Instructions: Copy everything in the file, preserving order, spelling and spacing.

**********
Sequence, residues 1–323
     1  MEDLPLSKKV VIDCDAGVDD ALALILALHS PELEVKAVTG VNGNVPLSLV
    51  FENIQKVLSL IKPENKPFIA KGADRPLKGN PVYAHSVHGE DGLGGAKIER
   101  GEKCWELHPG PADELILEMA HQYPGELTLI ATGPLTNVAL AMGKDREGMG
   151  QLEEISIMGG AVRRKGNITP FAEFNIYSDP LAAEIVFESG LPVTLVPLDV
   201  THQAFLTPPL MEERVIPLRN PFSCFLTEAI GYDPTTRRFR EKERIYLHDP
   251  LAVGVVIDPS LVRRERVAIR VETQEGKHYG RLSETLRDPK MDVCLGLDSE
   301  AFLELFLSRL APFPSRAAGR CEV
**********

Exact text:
Sequence, residues 1–323
     1  MEDLPLSKKV VIDCDAGVDD ALALILALHS PELEVKAVTG VNGNVPLSLV
    51  FENIQKVLSL IKPENKPFIA KGADRPLKGN PVYAHSVHGE DGLGGAKIER
   101  GEKCWELHPG PADELILEMA HQYPGELTLI ATGPLTNVAL AMGKDREGMG
   151  QLEEISIMGG AVRRKGNITP FAEFNIYSDP LAAEIVFESG LPVTLVPLDV
   201  THQAFLTPPL MEERVIPLRN PFSCFLTEAI GYDPTTRRFR EKERIYLHDP
   251  LAVGVVIDPS LVRRERVAIR VETQEGKHYG RLSETLRDPK MDVCLGLDSE
   301  AFLELFLSRL APFPSRAAGR CEV